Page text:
Remove A Stuck Oxegen Sensor on a Any Car
It's not too uncommon that you'll go to remove an old oxygen sensor and it'll be straight up stuck in the exhaust. It sucks, but you're going to need a few tools and some know-how to get it out so you can be back on your way.
This exact thing happened to me last time we were upgrading the O2 sensor on my buddy's GMC Typhoon to install a PLX Wide-band sensor for more accurate readings.
- A Torch for loosening the sensor (we needed one that works upside down like this one)
- A cutoff wheel or dremel to chop the top off the stuck sensor
- A high quality, 6 point deep socket that fits your o2 sensor (Sy/Ty's use a 7/8" socket)
- A Slotted oxygen sensor socket
- A breaker bar that fits your sockets above
- A tap to clean M18x1.5 threads
- Antiseize so it's not so hard the next time around
Try Using a Slotted O2 Socket
If your Oxygen sensor hasn't been used for too long, you may be able to use conventional methods. They make these special sockets for o2 sensors with a slit on the side so the wire has some place to go. Give one a try.
They won't work in tough cases because the end will open up and slip.
Our first secret tip is to add a band clamp onto the open end of the socket in an attempt to keep the socket from opening up. Tighten it super tight and try to remove the sensor.
We cracked the socket trying this so we moved on to the more advanced methods below.
Try Using Heat To Loosen the Oxygen Sensor
Use a torch to heat the bung around the o2 sensor. Get it nice and hot. Don't forget it's crazy hot afterwards or you'll burn yourself (the socket will get hot too!)
Try using your slotted socket/band clamp combo on the hot oxygen sensor. If you're lucky the heat will be enough.
Still Stuck? Cut it Down to Use a Normal Socket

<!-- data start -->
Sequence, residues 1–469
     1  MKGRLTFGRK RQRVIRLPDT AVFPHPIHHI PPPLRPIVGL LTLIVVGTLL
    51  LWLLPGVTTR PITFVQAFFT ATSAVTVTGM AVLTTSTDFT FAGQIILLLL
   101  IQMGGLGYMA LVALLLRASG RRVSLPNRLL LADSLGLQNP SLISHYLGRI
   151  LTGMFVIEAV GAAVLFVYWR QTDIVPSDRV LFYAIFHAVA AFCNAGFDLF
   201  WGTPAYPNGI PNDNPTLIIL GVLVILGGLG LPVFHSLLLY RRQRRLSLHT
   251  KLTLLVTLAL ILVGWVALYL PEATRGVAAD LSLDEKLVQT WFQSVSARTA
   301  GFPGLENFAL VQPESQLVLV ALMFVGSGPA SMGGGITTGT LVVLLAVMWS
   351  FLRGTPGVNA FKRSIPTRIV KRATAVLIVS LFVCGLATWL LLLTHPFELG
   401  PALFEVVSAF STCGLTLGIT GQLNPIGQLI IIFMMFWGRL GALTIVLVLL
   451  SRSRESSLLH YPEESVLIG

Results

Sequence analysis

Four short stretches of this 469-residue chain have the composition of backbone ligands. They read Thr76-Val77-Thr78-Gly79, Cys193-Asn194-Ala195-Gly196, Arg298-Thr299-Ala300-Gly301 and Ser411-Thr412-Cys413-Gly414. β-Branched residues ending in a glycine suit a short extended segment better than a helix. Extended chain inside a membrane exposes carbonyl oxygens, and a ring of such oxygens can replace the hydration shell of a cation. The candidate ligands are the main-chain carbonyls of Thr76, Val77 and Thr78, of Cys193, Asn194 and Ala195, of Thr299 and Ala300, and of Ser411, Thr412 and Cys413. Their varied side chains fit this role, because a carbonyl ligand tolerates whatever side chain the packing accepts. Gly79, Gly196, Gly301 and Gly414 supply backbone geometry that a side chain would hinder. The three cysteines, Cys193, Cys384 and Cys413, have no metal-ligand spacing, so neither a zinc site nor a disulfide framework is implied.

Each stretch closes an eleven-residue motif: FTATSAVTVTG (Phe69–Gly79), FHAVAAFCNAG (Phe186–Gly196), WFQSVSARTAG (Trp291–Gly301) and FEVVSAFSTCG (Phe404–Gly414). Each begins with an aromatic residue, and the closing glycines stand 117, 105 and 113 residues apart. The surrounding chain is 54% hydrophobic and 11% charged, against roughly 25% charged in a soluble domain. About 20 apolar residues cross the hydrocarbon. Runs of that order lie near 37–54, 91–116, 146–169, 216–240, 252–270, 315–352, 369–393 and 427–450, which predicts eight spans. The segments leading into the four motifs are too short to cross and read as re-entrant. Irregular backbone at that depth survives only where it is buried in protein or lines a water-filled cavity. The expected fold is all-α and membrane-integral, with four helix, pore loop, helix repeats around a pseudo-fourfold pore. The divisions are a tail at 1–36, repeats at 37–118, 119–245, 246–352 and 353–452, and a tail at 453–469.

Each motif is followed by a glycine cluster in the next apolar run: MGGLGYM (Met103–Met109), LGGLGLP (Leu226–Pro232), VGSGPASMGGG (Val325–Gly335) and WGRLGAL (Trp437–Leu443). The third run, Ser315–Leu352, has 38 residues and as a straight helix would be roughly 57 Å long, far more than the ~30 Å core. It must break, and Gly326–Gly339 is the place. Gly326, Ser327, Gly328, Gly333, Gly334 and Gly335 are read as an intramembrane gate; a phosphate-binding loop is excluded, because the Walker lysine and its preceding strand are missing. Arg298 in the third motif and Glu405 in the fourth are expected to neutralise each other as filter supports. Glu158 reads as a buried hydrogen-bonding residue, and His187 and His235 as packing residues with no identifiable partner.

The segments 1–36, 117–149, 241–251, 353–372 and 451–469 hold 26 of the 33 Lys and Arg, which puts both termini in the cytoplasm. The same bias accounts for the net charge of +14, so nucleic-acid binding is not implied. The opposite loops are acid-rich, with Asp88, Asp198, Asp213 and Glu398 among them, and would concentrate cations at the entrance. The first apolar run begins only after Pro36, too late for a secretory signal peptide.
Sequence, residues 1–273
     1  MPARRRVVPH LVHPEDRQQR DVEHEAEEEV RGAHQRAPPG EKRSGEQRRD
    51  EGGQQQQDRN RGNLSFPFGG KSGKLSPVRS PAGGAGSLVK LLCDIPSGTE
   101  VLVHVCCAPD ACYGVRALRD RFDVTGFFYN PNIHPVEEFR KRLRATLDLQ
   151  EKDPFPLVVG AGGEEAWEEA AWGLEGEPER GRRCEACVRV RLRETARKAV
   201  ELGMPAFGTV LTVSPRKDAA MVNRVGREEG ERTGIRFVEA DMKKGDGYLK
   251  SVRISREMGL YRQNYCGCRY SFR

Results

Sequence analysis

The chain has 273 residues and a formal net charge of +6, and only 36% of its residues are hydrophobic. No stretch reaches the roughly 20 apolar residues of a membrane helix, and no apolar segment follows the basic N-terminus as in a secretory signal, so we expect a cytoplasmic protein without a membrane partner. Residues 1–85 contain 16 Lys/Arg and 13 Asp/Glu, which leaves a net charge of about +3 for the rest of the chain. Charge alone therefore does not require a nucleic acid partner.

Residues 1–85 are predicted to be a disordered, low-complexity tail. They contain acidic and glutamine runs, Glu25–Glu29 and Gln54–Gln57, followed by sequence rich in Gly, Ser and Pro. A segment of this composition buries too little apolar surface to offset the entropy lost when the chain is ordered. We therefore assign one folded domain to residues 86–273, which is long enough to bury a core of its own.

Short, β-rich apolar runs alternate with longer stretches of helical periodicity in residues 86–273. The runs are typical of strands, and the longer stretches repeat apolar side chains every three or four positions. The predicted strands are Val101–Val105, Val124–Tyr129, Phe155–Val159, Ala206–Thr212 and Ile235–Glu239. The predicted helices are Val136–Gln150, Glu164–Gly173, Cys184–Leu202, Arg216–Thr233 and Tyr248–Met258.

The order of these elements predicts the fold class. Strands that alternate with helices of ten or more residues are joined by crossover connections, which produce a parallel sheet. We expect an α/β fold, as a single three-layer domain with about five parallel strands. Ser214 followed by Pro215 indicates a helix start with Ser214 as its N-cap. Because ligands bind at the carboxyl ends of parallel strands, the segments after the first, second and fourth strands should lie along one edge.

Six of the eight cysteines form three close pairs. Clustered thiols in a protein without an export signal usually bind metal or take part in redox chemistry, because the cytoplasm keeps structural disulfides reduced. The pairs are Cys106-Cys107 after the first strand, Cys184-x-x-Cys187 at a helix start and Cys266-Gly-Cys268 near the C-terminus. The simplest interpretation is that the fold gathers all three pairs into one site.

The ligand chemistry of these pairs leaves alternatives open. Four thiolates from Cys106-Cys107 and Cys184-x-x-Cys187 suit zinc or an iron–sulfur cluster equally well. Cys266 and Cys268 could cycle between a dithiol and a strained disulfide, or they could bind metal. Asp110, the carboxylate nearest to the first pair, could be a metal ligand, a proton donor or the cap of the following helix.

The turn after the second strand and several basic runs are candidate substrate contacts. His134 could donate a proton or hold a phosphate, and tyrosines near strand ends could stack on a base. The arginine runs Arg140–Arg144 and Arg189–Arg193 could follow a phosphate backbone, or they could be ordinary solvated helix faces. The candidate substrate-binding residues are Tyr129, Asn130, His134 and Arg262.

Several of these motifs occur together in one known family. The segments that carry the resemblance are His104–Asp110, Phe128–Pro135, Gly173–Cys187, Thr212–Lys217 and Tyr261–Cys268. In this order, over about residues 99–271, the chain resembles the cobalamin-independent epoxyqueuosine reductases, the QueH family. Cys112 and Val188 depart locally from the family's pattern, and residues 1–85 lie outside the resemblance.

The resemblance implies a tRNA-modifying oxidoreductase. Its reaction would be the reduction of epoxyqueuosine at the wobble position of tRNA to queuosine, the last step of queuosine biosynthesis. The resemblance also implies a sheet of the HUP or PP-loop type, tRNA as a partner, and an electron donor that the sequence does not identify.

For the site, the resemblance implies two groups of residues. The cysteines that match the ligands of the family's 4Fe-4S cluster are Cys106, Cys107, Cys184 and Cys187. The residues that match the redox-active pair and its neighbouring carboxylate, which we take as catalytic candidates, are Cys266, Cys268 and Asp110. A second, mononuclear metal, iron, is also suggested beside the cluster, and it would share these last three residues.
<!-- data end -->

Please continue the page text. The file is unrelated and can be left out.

Ok, all bets are off.
Cut the top off the sensor.
Just chop it right in half so it's short enough to fit in your conventional socket.
Heat the exhaust bung around the O2 sensor again, we're going to use all the tricks at our disposal this time.
Slip the 6 point socket on and remove the O2 sensor with a long breaker bar.
Chase the Oxygen Sensor Threads
Check to make sure you didn't damage the exhaust piping around the threaded o2 sensor bung. With that much force, sometimes the welds or exhaust piping can give way before the sensor does.
In our case, the threads were pretty gouged up.
Most of the time, if your o2 sensor was that hard to remove, the threads are going to be a mess. Chase them with the appropriate oxygen sensor thread tap.
All Done, Install Your New O2 Sensor
Add some anti-sieze to the threads and screw in your new oxygen sensor.
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If you have access to the downstream sensor, don't waste time rounding off the nut with regular 22 mm sockets which have a gate/slit for the wiring. If it's going to be sticky, but you don't want to cut wires or destroy the sensor, soak with penetrating oil overnight, get a secure, maximum strength grip with vise grips, (strong wrist required) and use a cheater bar (piece of pipe) on the end of the vise grips to get leverage. That's what worked for me. A hot exhaust and freeze spray on the sensor might help. Good luck.
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